As security tightens in our jails, escapes should become a thing of the past. But there will still be attempts when prisoners are being transferred to court, prison or hospital. Perhaps even when they are taken to their solicitors, as happened on 29 June 1964, in the case of jailed financier Kenneth de Courcy.
De Courcy was a curious man, reportedly with a Rolls-Royce waterproofed for underwater driving. Born in Galway in 1909, he ennobled himself with the title Duc de Grantmesnil – never recognised by the Alamanach de Gotha – and was a member of the right-wing Imperial Policy Group, which supported appeasement with Hitler. The War Cabinet minutes of 13 April 1942 suggest he was ‘up to mischief’, writing ‘poisonous publications’ about the Russians. In 1952, on the death of George VI, he wrote to Churchill suggesting Elizabeth II should develop a closer relationship with her uncle, the former Edward VIII.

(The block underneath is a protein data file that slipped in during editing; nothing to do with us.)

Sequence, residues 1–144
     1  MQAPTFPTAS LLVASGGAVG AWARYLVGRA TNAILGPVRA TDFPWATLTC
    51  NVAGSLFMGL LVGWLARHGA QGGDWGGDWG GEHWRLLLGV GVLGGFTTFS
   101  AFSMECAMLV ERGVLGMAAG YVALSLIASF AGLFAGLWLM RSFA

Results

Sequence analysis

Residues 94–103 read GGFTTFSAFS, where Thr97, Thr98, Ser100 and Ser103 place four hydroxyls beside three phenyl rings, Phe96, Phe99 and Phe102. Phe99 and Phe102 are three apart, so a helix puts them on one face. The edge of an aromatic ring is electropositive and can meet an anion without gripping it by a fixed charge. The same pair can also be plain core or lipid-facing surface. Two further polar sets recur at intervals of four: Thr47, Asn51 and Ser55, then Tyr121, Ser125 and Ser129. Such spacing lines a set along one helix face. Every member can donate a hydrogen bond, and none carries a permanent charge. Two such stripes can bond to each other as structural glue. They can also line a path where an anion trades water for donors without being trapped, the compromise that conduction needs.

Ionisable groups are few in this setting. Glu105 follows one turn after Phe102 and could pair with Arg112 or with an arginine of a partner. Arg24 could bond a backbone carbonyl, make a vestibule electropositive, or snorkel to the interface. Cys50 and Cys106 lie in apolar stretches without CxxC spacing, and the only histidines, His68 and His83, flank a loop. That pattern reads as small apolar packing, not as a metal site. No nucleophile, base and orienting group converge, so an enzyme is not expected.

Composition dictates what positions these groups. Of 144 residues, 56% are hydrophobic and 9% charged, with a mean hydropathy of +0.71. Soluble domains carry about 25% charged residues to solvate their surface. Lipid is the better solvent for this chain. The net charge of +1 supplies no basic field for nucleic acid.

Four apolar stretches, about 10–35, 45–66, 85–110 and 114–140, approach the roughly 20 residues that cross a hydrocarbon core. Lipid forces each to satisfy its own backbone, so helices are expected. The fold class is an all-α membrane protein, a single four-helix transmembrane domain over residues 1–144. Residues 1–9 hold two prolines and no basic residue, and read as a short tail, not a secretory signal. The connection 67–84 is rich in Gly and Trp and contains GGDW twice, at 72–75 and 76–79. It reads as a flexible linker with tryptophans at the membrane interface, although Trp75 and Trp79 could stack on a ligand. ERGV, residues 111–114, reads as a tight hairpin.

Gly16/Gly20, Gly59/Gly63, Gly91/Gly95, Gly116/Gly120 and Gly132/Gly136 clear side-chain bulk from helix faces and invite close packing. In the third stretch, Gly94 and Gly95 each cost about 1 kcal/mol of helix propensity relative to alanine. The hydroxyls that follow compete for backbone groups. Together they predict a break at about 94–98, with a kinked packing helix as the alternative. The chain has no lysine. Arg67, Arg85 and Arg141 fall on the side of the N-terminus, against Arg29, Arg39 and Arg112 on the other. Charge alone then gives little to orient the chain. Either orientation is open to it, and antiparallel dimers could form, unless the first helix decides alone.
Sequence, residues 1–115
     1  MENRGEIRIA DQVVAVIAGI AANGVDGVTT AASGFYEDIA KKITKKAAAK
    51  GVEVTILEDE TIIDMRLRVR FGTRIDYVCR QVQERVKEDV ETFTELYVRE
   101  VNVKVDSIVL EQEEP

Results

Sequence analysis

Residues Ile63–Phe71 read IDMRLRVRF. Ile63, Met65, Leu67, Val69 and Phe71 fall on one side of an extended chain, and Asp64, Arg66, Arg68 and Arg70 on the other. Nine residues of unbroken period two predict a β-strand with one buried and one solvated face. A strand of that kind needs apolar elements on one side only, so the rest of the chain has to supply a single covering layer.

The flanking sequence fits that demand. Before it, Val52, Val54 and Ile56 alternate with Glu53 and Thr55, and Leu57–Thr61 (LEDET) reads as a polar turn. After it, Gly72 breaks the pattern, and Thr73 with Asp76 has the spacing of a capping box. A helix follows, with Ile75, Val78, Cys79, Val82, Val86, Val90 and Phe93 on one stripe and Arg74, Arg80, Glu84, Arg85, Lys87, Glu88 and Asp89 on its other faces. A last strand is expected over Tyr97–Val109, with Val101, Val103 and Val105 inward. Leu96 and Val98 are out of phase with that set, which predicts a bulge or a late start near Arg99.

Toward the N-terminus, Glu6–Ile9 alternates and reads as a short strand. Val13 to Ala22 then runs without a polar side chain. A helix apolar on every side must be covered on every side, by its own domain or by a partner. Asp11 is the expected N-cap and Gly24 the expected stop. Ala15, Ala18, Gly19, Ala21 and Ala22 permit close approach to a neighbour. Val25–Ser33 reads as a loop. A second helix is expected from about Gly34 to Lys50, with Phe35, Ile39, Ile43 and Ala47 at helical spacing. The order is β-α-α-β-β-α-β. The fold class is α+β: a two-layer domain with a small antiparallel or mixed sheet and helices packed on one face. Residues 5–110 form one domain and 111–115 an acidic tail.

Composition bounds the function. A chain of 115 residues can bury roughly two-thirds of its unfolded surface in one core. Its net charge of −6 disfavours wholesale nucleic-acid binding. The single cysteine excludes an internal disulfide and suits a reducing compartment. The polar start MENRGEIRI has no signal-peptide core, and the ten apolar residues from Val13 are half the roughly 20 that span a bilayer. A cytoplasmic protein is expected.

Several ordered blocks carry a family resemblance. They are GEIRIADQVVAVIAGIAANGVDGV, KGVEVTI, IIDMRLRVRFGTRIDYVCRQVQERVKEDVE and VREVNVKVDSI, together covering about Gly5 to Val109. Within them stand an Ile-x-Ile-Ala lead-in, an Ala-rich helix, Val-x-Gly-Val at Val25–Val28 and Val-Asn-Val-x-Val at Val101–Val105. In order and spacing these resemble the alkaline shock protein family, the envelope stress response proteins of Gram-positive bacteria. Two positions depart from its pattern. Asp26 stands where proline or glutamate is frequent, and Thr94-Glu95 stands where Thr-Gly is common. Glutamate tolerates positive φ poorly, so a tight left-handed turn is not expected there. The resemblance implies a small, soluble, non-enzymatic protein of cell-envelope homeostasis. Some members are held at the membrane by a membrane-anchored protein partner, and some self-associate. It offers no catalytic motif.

In the early 1960s, de Courcy set up Sarsden Consolidated Properties to build a garden city in Southern Rhodesia. The project failed and he was charged with obtaining money by reason of a false prospectus. During his trial, de Courcy, who believed he had been framed by the KGB, sacked his counsel and defended himself. He was jailed for seven years. The Times thought it was not so much a case of fraud but of hubris – the person who lost most money was de Courcy himself.
De Courcy appealed and, now represented, was allowed to visit his solicitors in Lincoln’s Inn Square to discuss his appeal (which ultimately failed). He simply walked away and caught a cab to Victoria, but was found in the Red Lion Hotel at Fareham two days later. Manny Fryde, then a managing clerk to a firm in Ludgate Circus which probably had the largest criminal practice of the day, is said to have remarked: ‘If it had been my office I would have been in custody by now.’
James Morton is a writer and former criminal defence solicitor